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Rogue Postbank employees steal master encryption key; make off with $3.2 million

Rogue Postbank employees steal master encryption key; make off with $3.2 million

South Africa's Postbank has been forced to replace 12 million bank cards after a calamitous security breach that saw the bank's master encryption key printed off in plain, unencrypted language.

According to internal documents acquired by the Sunday Times of South Africa, the 36-digit code security key “allows anyone who has it to gain unfettered access to the bank’s systems, and allows them to read and rewrite account balances, and change information and data on any of the bank’s 12-million cards".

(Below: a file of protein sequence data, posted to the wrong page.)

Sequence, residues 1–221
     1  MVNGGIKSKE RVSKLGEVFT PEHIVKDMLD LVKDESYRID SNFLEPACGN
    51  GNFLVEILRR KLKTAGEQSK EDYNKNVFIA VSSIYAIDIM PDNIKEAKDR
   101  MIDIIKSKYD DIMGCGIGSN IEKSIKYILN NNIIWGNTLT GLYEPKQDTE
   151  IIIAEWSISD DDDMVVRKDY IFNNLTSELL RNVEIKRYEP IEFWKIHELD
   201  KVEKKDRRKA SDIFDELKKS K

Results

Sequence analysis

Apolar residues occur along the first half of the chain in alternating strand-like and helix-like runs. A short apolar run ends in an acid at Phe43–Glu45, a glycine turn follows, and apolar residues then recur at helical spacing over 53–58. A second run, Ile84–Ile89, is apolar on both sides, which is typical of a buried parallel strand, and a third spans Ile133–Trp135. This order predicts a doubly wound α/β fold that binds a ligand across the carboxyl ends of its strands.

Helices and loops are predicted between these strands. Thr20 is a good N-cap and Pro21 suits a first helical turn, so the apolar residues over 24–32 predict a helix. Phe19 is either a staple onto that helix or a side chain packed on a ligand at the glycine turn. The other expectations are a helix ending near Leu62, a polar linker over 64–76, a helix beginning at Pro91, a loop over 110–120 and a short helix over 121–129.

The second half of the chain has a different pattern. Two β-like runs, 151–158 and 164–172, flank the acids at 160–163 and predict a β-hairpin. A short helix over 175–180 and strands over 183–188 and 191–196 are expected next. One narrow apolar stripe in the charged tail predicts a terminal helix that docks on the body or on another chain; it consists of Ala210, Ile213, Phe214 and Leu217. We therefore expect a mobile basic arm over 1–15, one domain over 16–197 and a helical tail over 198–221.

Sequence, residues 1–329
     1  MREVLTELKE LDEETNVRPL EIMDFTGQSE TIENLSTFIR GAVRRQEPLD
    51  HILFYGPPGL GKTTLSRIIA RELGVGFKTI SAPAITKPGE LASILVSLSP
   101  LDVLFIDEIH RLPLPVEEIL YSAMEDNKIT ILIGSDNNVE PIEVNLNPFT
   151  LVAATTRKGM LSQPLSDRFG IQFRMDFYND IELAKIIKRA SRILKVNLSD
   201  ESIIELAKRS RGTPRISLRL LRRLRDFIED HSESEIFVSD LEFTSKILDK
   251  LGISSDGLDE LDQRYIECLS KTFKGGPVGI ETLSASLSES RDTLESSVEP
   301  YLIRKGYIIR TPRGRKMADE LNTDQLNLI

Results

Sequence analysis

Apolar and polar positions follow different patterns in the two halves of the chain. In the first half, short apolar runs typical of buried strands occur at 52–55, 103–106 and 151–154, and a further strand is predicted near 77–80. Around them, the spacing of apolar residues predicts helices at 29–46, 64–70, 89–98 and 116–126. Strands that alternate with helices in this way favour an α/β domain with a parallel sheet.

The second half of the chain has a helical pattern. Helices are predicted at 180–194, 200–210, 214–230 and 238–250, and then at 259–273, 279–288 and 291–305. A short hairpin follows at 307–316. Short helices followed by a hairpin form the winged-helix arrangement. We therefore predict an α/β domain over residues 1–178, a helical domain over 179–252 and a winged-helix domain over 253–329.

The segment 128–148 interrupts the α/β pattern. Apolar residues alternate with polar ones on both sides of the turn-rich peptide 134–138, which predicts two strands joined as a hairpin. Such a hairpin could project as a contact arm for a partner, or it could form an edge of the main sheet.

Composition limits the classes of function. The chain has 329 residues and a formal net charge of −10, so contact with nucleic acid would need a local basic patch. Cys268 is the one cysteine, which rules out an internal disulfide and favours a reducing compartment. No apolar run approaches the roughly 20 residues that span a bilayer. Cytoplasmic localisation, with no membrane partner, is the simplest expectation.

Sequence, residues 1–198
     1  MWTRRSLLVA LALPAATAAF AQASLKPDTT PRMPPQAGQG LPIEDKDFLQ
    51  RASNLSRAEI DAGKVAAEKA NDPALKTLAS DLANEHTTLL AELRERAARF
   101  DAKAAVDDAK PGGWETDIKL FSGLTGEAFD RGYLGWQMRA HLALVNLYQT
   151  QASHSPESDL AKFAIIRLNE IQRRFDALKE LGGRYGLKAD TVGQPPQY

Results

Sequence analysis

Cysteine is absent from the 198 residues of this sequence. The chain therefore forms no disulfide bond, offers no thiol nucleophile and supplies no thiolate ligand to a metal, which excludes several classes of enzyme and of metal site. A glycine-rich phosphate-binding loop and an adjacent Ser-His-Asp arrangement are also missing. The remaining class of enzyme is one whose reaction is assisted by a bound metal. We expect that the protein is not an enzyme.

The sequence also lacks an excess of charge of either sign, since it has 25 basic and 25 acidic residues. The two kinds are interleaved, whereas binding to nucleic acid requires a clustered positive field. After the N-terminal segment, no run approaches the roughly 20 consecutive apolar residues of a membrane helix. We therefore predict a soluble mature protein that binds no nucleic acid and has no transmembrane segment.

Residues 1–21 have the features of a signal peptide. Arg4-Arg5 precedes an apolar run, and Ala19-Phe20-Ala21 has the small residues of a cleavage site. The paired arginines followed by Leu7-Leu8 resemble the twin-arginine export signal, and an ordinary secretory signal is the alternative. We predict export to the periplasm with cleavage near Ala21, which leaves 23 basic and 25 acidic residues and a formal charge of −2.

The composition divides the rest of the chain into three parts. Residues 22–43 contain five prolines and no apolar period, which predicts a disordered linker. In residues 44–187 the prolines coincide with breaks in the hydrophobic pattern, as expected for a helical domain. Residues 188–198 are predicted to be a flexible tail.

The master key was apparently printed out on plain paper in a data centre in Pretoria in 2018, enabling the fraudsters to make over 25,000 fraudulent transactions, mostly from cards used by people receiving social benefits from the government.

The crime, which is being pinned on a number of rogue bank employees, went unnoticed for months. More than $3.2 million was stolen in the raid.

The cost to the bank of replacing all the compromised cards is expected to reach $58 million.

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